Review: BMW G650 Sertao
BMW thumper fans are rejoicing in the streets, “THE G650 SERTAO IS HERE!” To understand what all the excitement is over the re-entry, this 650cc single Beemer harkening back 12-years, you have to look beyond the surface.
In motorcycle years this is like getting excited for the return of those bicycles with the big wheel up front, or the release of a new flintlock hunting rifle. BMW fans began begging for them to bring back the widely popular F650GS Dakar ever since it was discontinued in 2007. BMW produced the dirt-worthy F650GS Dakar from 2001–2007 when it was discontinued and replaced by the F650GS (twin) and the F800GS series. The basic architecture of the “new” Sertao’s motor dates back as far as the Funduro of 1993 and has had minimal updates since 2000. However in the riding segment where simplicity, price, fuel economy and reliability are more important than big HP, complex gadgets, and “bigger is better” egos, the BMW thumper soldiers on with a strong following.
We’ve been riding the new BMW 2012 G650GS Sertao for several months and have run it through the wide range of duties including commuter, light weight tourer, and trail bike. Looking beyond the fresh and modern-looking lines of the G650GS Sertao you can easily find its heritage; many will assume it is just an updated version of the defunct BMW F650GS Dakar with new body work. This comparison is natural and true in many ways, but there is more to this bike than just a warmed over F650GS Dakar. Compared to the older Dakar (2001–2007) the new Sertao has updated EFI, new electronics, lights, bodywork and comes standard with ABS and heated grips; it even has a traditional turn signal switch on the left grip!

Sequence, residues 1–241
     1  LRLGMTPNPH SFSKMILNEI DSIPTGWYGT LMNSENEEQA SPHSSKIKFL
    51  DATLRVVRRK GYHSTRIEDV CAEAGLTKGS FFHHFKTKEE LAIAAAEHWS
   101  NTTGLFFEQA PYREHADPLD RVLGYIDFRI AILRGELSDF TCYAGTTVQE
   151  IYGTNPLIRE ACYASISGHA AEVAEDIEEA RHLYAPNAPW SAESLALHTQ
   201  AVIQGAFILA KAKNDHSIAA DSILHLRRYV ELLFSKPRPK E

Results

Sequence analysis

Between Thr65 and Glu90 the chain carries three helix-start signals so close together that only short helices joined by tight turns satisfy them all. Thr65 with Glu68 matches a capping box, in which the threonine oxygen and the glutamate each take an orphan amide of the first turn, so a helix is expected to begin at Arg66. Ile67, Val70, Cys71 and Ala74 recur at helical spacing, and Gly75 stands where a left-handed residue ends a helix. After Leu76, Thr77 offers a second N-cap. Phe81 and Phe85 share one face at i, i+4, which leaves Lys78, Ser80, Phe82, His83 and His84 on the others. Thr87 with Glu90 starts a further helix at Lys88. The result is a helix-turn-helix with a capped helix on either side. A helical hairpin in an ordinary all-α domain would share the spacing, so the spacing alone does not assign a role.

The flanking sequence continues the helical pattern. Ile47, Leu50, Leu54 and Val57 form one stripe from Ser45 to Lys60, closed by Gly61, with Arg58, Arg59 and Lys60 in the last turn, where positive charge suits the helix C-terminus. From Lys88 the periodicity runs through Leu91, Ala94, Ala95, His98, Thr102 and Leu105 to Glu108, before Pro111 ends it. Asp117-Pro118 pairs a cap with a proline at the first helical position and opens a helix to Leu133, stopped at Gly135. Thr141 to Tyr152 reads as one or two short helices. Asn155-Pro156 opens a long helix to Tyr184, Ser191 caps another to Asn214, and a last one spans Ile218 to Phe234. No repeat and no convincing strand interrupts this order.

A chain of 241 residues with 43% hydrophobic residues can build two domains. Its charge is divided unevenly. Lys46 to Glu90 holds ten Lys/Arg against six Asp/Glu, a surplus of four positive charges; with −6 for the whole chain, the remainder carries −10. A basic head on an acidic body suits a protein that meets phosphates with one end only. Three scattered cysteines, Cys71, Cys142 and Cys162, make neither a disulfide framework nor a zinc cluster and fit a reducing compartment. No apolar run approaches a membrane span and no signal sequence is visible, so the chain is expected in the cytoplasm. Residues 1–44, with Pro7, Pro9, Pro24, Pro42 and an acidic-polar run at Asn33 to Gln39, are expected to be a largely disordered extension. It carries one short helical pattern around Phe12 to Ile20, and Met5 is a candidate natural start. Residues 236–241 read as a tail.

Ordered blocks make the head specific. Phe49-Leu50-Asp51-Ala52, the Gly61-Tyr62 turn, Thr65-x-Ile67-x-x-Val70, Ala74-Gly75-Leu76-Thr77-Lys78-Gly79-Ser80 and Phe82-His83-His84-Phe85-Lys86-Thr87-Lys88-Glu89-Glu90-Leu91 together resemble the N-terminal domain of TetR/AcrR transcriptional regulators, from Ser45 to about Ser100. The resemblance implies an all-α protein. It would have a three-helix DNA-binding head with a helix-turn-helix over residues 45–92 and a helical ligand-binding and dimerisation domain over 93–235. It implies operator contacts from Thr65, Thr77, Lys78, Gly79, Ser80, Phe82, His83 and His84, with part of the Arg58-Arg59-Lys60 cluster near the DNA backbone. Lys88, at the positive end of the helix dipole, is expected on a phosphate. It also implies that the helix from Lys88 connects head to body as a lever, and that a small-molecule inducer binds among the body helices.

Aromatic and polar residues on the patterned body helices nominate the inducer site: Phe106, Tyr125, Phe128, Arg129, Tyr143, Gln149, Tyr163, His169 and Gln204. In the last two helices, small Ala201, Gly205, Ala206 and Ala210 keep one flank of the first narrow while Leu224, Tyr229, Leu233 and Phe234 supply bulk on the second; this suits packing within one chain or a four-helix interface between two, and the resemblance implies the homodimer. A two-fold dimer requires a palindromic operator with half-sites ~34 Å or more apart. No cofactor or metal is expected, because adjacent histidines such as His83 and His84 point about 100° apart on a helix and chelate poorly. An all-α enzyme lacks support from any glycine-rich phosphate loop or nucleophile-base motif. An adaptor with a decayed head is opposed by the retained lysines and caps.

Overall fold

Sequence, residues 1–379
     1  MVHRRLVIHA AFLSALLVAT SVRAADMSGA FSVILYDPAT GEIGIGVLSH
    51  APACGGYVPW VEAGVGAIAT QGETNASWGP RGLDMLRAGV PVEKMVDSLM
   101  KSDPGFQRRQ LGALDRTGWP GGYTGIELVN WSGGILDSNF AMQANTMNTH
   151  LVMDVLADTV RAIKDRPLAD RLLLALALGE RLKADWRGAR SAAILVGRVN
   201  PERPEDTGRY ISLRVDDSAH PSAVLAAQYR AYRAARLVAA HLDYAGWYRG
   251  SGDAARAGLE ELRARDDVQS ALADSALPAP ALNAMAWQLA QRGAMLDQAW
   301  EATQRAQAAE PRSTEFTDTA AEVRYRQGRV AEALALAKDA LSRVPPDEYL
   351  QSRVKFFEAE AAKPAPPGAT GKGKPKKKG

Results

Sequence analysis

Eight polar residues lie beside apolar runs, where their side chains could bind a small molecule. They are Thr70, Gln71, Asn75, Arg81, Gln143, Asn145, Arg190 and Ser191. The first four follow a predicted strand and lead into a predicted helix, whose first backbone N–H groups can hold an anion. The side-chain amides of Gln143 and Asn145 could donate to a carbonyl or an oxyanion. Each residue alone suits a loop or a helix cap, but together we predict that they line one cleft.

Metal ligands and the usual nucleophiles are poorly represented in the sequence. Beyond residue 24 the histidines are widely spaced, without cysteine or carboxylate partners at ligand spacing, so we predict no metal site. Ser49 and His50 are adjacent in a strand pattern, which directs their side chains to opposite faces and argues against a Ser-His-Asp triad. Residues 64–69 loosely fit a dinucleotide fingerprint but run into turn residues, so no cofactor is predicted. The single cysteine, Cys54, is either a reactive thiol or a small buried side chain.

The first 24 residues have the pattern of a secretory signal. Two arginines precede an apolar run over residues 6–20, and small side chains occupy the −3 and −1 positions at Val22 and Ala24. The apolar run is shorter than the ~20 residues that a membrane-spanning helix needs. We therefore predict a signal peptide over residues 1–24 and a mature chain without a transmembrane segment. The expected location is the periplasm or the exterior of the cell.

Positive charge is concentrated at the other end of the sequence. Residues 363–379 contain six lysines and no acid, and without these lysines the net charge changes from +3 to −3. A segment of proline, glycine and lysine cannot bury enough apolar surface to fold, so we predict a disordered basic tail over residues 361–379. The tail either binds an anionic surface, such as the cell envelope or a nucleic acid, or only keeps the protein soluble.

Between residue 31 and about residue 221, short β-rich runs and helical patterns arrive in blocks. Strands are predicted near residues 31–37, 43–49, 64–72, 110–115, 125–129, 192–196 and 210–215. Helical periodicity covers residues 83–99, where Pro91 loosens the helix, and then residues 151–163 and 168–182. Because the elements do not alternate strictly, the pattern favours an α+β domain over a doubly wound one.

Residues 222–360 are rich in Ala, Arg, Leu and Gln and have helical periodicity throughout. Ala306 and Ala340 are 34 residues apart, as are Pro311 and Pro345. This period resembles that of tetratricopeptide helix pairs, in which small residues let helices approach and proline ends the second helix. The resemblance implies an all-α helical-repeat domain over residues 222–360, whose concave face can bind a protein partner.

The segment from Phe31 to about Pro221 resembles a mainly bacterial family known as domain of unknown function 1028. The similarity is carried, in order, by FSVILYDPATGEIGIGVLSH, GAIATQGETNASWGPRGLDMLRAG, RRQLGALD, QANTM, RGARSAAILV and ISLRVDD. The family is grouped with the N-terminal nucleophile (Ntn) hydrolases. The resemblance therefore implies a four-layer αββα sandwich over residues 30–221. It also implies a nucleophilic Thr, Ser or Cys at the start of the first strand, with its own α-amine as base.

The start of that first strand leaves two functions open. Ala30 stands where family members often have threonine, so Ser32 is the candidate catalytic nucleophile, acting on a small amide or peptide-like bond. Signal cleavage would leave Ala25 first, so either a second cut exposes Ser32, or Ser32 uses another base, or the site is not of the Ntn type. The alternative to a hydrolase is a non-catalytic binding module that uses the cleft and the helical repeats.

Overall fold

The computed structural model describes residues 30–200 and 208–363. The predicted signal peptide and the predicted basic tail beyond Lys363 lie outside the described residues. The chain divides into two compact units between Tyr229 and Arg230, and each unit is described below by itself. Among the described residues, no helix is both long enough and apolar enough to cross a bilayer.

Living with the Sertao
If the R1200GS is a Clydesdale then the F800GS is a stallion… making the G650GS Sertao the mule (this isn’t a bad thing). The Cascade Mountains are my backyard playground and in the mountains it’s the mule that you depend on!
Riding on forest roads and trails the Sertao is a pleasant companion, feeling light, nimble and planted by adventure bike standards, often leaving you wondering why you would need any other. Wick the pace up and you are reminded that this is not a dirt bike. And when ridden hard the suspension begins to show its limitations. In my experience this type of riding is well beyond the pace of all but the most aggressive riders—so as long as we keep in mind that this is a mule, and we aren’t supposed to race mules, all will be well. The trade-off is a comfortable non-punishing ride when ridden at a pace more akin to that of a traveler. Keep the bike at a touring pace and it is a true joy to ride. The Sertao would effortlessly take me places that would make an R1200GS beg for mercy and requires less skill and effort than my F800GS.
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